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Creatine: Super-Charge your Body and Mind!

by briangryn | September 6, 2023 | Eat Clean Get Lean

Middle-aged men are faced with a plethora of health concerns that they cannot ignore. Factors like inadequate dietary intake, high stress levels, exposure to environmental toxins, and sedentary lifestyles can all negatively impact their health. Fortunately, research shows that the supplementation of creatine can help them boost their overall health and wellness. Creatine is a substance that is naturally found in the skeletal muscles and brain tissue. It is involved in the production of adenosine triphosphate (ATP), which is the energy currency of the body. Besides helping athletes improve their performance, researchers have discovered that creatine supplementation offers many health benefits to older men. In this blog post, we will dive deep into the science behind creatine supplementation, its benefits, and how middle-aged men can gain from using it.

Improvement of muscle mass and strength

As men age, they begin to lose muscle mass, which can affect their quality of life. Creatine supplementation, coupled with resistance training, has been found to help them retain and build lean muscle mass. A study published in the Journal of Aging and Physical Activity, reported that 12 weeks of creatine supplementation, along with resistance training, led to an increase in muscle mass, strength, and power in middle-aged men.

Reducing inflammation

Chronic inflammation is a significant contributor to the development of various health conditions such as arthritis, cardiovascular disease, and certain cancers. Research has shown that creatine supplementation can help lower both oxidative stress and inflammation markers in various organs, including the brain, liver, and heart. By reducing inflammation, creatine can help middle-aged men protect their bodies from the effects of aging.

Enhancing cognitive function

Our cognitive abilities typically start to decline as we age. However, studies have shown that creatine supplementation can enhance brain function, including memory, mood, and executive function. A study published in the American Journal of Clinical Nutrition, found that older adults who took creatine for six weeks improved their problem-solving abilities and short-term memory.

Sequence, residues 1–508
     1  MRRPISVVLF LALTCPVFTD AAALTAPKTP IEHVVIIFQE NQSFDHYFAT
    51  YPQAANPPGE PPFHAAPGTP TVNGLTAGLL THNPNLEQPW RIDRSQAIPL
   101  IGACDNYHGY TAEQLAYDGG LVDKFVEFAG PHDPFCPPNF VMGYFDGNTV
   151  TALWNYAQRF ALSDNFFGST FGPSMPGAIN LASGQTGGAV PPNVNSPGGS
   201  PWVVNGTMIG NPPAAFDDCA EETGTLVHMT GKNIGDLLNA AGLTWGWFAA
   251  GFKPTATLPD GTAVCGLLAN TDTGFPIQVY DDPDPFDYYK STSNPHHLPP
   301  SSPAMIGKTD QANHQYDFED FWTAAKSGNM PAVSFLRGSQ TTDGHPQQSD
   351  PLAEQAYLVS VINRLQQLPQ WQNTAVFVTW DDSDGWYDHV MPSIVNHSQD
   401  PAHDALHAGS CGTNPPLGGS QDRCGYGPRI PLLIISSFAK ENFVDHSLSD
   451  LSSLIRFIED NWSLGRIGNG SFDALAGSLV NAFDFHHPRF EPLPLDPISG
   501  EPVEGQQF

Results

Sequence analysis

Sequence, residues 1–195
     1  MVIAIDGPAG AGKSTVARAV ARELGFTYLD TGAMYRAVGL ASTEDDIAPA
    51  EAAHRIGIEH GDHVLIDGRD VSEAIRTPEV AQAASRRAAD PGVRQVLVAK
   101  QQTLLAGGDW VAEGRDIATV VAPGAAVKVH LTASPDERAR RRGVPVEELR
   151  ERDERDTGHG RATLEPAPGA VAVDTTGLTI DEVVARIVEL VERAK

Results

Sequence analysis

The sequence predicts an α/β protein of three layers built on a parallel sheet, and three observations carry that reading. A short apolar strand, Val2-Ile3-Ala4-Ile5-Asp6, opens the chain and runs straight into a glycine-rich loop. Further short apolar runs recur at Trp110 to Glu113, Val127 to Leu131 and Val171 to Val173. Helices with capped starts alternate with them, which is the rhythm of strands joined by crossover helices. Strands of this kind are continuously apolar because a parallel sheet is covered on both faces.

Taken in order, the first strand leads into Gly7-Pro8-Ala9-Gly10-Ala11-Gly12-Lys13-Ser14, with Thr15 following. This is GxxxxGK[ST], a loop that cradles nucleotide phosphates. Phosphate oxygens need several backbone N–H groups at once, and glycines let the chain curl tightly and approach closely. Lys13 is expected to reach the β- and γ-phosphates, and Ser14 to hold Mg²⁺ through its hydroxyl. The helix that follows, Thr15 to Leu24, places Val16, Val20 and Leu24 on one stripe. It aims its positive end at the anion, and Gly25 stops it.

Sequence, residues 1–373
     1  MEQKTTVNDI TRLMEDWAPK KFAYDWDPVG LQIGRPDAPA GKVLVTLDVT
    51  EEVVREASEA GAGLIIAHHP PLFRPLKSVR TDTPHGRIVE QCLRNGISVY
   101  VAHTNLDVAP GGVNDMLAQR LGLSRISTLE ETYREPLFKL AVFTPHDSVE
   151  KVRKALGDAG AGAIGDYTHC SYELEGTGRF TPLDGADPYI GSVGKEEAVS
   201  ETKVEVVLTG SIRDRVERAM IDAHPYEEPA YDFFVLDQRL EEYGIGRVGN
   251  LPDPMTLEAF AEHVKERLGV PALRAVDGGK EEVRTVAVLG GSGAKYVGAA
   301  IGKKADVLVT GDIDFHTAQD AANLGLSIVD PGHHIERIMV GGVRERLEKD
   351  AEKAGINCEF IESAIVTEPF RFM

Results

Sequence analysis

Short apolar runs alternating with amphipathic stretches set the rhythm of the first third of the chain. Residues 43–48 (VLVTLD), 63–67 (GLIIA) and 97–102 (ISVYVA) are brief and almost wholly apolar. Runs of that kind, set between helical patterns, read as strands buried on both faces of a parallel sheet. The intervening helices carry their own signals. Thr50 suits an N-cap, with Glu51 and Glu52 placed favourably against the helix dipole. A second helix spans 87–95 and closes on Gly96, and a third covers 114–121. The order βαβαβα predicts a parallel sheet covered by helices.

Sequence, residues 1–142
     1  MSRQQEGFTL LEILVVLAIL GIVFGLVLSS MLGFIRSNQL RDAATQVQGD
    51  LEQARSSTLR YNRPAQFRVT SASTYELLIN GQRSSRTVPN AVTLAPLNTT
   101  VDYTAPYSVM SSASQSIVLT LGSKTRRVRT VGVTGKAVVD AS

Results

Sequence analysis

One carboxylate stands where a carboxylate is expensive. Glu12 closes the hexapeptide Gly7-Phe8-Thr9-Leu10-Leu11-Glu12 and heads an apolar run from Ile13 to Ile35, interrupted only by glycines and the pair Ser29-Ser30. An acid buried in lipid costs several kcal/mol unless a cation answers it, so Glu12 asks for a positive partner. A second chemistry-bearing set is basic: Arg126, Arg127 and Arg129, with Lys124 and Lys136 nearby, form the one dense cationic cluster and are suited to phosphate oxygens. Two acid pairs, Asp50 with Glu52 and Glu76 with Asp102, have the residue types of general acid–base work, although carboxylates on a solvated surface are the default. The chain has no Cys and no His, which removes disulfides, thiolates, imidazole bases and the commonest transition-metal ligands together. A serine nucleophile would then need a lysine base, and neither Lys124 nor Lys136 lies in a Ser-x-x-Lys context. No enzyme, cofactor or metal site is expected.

Mitigating Age-related illness

As men age, they are at risk of developing age-related conditions such as Alzheimer’s, Parkinson’s, and type 2 diabetes. Research suggests that creatine supplementation can help mitigate these illnesses. Creatine has been found to prevent the decline in glucose tolerance and insulin sensitivity, which are both critical factors in the development of type 2 diabetes. Additionally, creatine supplementation has been found to reduce oxidative stress and inflammation in the brain, which may help prevent brain disorders like Parkinson's and Alzheimer's.

Heart health

Creatine supplementation can help middle-aged men improve their heart health. Studies have shown that creatine can lower blood pressure, reduce the thickness of the heart muscle, and improve the heart's ability to pump blood. Additionally, creatine supplementation has been found to contribute to reducing bad cholesterol, which can significantly reduce the risk of cardiovascular diseases.


As men age, they must take proactive steps to protect their health and wellness. Creatine supplementation offers many health benefits, including the reduction of inflammation, improvement of cognitive function, and better heart health. However, it is essential to consult a doctor or health professional before using any supplement. Users should also ensure that they source their creatine from reputable dealers and adhere to dosage recommendations. Creatine is an excellent addition to a balanced diet and exercise routine that can help middle-aged men live a healthier and more fulfilling life. So why not give it a try and see how it works for you?

Have a great day!


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Cooper R, Naclerio F, Allgrove J, Jimenez A. Creatine supplementation with specific view to exercise/sports performance: an update. J Int Soc Sports Nutr. 2012 Jul 20;9(1):33. doi: 10.1186/1550-2783-9-33. PMID: 22817979; PMCID: PMC3407788. Deminice

R, Rosa FT, Franco GS, Jordao AA, de Freitas EC. Effects of creatine supplementation on oxidative stress and inflammatory markers after repeated-sprint exercise in humans. Nutrition. 2013 Sep;29(9):1127-32. doi: 10.1016/j.nut.2013.03.003. Epub 2013 Jun 22. PMID: 23800565.

Balestrino M. Role of Creatine in the Heart: Health and Disease. Nutrients. 2021 Apr 7;13(4):1215. doi: 10.3390/nu13041215. PMID: 33917009; PMCID: PMC8067763.

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